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Social Media Overtakes Newspapers As News Source, Pew Report Finds


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More Americans get their news from social media than from newspapers, a Pew Research study has found, a tip of the balance in that direction for the first time.




As recently as last year, the sides were roughly equal – news via social media was about the same portion as news via print newspapers. According to the report posted on the Pew Research Center website, 20% of U.S. adults say they “often get news via social media,” a slightly higher figure than the 16% who favor newspapers.




Pew notes that social media’s recent gain over print follows years of “steady declines” in newspaper circulation, combined with “modest increases” in the portion of Americans using social media. The survey was conducted earlier this year.



TV remains the single most popular news consumption platform, though, despite steady decline in recent years: 49% of adults get their news from TV. Coming in at #2 is news websites (33%), with radio at #3 (26%). Social media and print round out the top five.


When combined, news websites and social media are closing in on TV: 43% to TV’s 49%.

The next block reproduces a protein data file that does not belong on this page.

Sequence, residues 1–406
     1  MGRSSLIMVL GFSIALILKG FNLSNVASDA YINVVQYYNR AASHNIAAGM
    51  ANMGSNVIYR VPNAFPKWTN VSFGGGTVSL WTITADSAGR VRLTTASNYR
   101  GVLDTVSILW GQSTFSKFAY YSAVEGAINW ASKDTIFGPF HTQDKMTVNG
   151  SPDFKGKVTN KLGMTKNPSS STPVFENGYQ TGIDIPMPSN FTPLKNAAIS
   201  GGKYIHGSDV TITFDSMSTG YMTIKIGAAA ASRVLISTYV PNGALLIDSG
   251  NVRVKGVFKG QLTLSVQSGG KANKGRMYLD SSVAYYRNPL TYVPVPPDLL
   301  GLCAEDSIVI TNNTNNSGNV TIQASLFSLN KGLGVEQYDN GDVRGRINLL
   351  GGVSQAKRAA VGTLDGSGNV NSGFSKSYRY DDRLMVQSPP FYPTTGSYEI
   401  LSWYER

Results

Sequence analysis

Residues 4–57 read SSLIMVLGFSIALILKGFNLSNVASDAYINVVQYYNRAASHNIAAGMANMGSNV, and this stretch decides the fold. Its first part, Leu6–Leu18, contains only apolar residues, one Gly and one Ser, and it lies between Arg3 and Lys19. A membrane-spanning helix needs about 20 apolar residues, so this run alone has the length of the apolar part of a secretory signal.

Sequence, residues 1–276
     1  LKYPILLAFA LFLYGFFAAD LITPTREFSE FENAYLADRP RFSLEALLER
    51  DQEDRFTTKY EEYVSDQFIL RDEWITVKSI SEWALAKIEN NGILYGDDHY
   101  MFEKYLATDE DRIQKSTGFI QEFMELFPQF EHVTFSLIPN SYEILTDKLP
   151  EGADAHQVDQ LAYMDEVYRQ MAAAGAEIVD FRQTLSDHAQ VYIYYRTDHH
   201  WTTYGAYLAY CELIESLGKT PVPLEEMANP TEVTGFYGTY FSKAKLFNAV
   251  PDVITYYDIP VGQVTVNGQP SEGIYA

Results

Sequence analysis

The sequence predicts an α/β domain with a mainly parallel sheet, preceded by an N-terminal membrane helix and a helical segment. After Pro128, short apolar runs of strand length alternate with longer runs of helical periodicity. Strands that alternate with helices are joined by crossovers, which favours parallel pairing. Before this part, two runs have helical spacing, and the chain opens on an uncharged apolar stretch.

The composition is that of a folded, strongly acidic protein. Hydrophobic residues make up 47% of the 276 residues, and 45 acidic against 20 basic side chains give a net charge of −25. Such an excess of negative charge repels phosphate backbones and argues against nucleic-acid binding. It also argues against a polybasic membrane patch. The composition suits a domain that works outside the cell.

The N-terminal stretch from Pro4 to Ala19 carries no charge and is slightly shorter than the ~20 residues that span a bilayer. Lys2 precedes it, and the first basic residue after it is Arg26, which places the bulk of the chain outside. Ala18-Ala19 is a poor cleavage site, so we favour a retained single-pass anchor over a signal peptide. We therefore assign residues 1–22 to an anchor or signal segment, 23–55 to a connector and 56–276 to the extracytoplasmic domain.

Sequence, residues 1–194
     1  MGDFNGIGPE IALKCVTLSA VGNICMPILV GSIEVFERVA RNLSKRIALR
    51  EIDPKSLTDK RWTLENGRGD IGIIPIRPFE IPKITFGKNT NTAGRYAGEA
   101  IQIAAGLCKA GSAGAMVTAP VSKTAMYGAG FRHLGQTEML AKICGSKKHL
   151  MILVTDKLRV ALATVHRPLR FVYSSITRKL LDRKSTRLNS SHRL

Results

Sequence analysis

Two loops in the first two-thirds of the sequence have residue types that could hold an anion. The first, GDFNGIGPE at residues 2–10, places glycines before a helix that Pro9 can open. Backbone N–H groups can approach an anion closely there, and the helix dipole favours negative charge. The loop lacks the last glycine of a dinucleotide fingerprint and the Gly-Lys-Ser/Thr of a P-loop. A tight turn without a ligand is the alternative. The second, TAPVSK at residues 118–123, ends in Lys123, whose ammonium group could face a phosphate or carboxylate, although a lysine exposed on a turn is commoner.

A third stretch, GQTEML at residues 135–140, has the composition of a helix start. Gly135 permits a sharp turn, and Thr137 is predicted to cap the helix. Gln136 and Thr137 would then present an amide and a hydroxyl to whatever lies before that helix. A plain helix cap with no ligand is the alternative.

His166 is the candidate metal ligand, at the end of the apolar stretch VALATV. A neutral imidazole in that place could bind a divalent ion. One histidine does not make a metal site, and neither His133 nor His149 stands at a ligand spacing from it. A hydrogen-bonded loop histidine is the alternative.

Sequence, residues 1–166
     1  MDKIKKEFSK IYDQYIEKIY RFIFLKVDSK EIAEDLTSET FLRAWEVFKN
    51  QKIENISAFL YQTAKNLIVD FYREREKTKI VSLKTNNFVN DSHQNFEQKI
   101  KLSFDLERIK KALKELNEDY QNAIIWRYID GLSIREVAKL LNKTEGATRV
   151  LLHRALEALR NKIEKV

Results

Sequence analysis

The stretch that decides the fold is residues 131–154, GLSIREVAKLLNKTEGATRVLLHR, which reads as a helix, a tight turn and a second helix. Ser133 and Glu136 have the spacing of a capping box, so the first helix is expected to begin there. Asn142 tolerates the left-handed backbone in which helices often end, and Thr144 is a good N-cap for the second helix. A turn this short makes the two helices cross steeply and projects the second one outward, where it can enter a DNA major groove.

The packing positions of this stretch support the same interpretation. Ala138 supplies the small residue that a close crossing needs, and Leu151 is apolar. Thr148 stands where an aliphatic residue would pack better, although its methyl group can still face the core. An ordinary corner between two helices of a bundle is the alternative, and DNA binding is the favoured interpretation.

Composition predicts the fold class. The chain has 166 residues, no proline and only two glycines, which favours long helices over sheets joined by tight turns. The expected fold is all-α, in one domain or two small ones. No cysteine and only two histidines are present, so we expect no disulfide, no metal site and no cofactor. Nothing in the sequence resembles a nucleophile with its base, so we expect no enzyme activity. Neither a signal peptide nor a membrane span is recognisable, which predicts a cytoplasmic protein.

Breaking down the types of TV news, Pew found that local TV is the most popular, with 37% of adults going that route, while 30% use cable TV most often and 25% turn to national evening network news programs.


Pew asked about streaming devices for the first time in their annual study, finding that 9% of U.S. adults often get news from a streaming device on their TV. The majority of those using streaming devices (73%) don’t do so exclusively: they also use broadcast or cable TV for news.


As would be expected, age plays a significant role in news consumption. Americans 65 and older are five times as likely as 18- to 29-year-olds to get their news from TV. Only 16% of that younger demo say they get their news from TV often. The 30- to 49-year-olds who do so are at about 36%.


On the flip side: that youngest demo is four times as likely to get news from social media as the oldest demo. The elders is the only age group in which print has held its popularity, with four in 10 getting news from dead trees often.


The middle group showed a preference for websites, with 42% of the 30- to 49-year-olds going online or using apps. Of the younger demo, that percentage is 27%, trailing behind the most popular – social media (36%). Only 2% of the youngest adults turn to print.


Another Pew finding: Younger and middle-age Americans are far less likely than their elders to rely on only one platform. No more than half of the below-49ers rely on a single platform.



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